William - wow, thanks so much for the tip on Baen. That's a really valuable source, to know about the DRM-free books. I still think it might be hard to share with friends just because they are not likely to be comfy with the technology yet either, but that will change over time. And of course, free books are always appreciated :) I actually get the majority of my books for almost free through (really, it's just the cost of the postage for me to mail a book out to someone else, and then I get a point to spend "mooching" a book of my choice from anyone in the system), but almost free and totally free are two different things. Plus not having to wait for a book to come in the mail would be fab.

  4. Actually, I did just that with my last DSLR - dropped it in the water. My cameras have to be expensive and electronic, but my books do not. :)

  5. My first post was eaten *sighs* the Internet loves me.

    As someone published in the ebook realm I'm partial to the venue. However, as a reader with over 7,000 books stuffed in her house...yeah, I have a problem.

    Instead of spending the money on Kindle or Sony I plunked $100 down on a remanufactured Compaq from a corporate lease program so I can enjoy my ebooks (and write them too) without a lot of weight. Granted a laptop isn't as small as a Kindle, but it is still smaller than the time I decided to read The Historian and Jonathan Stange & Mr. Norrell at the same time.

    So now I proudly have an additional 910 ebooks (that fit one a single 2G chip/flash drive) to add to my library. And my husband has quit complaining about me trying to bring the house down around ours ears through the sheer weight of books.

    Another nice thing is being able to increase the font size, but on the down size, I can't read these in the bath tub. Pros and cons aside, I like them both.

  6. For those interested in exploring the possibility of buying a reader further, Nathan Bransford (lit agent) wrote a review today of his new Sony Reader, which he prefers (for the most part) over his Kindle... Check it out here.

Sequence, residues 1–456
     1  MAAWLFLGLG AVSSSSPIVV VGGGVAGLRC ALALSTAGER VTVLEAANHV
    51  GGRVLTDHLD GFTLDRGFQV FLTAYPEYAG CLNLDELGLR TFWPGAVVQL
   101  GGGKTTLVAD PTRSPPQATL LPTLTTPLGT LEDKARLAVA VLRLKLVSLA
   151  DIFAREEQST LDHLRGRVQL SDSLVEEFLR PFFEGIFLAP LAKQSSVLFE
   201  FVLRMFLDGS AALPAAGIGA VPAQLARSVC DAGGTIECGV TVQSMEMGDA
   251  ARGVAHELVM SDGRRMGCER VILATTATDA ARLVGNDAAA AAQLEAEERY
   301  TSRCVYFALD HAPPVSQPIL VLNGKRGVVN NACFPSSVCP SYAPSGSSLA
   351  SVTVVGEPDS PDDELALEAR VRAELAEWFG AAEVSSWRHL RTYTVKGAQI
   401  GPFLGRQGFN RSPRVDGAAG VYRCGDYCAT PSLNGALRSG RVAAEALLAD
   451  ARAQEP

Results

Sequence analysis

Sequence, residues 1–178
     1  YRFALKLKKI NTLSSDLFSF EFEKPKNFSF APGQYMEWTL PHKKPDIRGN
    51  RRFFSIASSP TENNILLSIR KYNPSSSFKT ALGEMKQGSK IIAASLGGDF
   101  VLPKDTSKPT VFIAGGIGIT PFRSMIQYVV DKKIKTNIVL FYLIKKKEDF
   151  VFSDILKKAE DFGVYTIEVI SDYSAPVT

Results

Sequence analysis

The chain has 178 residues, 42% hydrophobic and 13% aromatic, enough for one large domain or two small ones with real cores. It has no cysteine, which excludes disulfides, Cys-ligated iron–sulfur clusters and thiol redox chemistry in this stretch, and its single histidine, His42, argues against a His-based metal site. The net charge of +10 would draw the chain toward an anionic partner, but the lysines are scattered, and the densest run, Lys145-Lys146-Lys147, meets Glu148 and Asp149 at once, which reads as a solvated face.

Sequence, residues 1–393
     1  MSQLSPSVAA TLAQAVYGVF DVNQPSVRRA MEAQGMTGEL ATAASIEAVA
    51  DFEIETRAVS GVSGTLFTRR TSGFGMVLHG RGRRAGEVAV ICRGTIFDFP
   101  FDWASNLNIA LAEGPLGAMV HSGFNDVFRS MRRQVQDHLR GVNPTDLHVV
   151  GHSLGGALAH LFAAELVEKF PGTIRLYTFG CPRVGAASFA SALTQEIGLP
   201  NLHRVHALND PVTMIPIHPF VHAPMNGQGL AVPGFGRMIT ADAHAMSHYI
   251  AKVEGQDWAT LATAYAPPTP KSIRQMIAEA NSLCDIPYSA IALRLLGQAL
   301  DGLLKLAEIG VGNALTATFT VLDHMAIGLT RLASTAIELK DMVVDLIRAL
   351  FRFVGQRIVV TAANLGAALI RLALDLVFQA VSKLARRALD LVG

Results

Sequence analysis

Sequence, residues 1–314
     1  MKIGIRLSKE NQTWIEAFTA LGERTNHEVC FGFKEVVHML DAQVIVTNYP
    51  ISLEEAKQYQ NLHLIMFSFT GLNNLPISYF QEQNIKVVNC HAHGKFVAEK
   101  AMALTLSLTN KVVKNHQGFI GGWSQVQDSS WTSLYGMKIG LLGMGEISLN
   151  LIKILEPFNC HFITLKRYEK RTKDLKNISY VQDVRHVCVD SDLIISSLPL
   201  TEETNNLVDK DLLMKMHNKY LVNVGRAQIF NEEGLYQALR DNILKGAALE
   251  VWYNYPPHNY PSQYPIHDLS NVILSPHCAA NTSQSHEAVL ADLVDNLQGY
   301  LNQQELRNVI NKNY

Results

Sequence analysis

7. Jen, I'm with you - I just can't be convinced to come over to digital books yet. While it's a pain to pack books to travel, I do enjoy leaving them places for others to enjoy. I know that you can waterproof your reader by putting it in a Ziploc bag, but the idea of laying by the pool, on the beach, or in the tub with a reader in a plastic bag just doesn't appeal to me yet.

    I'm a collector of my books, but I do only hold on to the ones that mean something to me. I like looking at my shelves and not just remembering the book, but where I was in my life when I read it. Picking up a book I loved so much in high school that it's covered in underlined sentences, and has long forgotten papers in it, just can't be replicated on a reader.

    I do find it interesting that from my perspective, the people brought up on technology - today's teens - don't seem to be flocking to this tech piece. I do see kids come into my library to read a manga on the computer, but they seem to do that when they have exhausted our current supply of book manga. As soon as I put new mangas out, the computer is forgotten. They all have their iPods and cell phones, but I haven't seen one student curled up in a chair with a reader. it is highly possible that they keep it at home, but with the way technology is shown off, I'm not convinced of that yet.